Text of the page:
That would be the longtime sponsor that took their right to discriminate against their gay Irish neighbors all the way to the U.S. Supreme Court and won a pyrrhic victory. Every year now the breadth and depth of notable people, politicians and companies boycotting these No Homo parades grows. But Boston Globe reporter Andrew Ryan would like us to know that diversity is afoot this year in South Boston. Yes…a Tolerance Float built by gay south Bostonites has been accepted into the parade. No..embraced. And I can see exactly why they were embraced too…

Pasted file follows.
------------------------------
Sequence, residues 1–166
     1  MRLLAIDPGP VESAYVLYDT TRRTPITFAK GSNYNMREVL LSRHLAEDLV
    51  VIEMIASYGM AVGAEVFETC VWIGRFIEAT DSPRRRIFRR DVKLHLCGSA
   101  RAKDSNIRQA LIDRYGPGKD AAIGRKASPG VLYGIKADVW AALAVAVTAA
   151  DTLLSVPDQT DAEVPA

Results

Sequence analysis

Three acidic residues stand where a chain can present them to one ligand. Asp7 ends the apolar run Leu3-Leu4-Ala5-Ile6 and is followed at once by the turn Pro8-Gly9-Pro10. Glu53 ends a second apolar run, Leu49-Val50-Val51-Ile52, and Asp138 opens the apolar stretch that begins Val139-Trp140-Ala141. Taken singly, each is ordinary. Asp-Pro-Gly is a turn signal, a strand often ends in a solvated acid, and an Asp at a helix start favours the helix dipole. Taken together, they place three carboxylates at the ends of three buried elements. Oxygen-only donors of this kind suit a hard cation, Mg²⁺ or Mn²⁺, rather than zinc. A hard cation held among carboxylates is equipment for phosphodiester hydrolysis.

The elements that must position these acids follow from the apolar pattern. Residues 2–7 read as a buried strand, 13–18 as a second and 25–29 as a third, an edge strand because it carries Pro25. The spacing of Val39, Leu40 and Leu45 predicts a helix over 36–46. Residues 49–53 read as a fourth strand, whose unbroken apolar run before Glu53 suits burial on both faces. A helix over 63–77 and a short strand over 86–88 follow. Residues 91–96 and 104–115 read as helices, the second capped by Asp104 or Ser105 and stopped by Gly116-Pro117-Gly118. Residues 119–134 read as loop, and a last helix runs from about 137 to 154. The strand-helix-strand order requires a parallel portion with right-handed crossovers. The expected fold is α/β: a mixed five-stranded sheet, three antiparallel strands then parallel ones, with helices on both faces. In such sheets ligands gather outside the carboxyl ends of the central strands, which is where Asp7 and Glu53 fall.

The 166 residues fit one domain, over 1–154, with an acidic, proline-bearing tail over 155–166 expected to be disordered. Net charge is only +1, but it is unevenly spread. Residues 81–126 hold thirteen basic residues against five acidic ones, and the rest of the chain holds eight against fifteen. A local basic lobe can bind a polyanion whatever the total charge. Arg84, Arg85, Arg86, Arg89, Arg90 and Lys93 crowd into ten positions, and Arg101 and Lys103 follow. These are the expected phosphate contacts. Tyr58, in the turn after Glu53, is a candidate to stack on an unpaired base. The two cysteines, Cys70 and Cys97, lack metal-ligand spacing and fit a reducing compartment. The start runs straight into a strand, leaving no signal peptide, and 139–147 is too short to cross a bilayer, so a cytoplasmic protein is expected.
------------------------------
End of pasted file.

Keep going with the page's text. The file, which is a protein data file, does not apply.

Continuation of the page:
“They know us as their neighbors first and as gay second,” said Foster, an Air Force veteran who served in Desert Storm and who has lived with his husband in South Boston for seven years. Of outside gay groups coming in and hoping to march, he said: “How in the world do you ever get compromise if the first statement out of your mouth is, ‘I’m different than you?’ ”
Compromise. Yes, quite. And the compromise between staying in the closet and being out is you pretend you aren’t being pushed in and they pretend they didn’t push you. Such a deal.
“The only way for this to work was to keep quiet. We had to wait it out and prove what we said when we first started, that we’re not here to make a big statement,” Foster said last Saturday, taking a break from float construction. “We all thought, if we just show up on parade day and we march and have a cool float, people will understand.”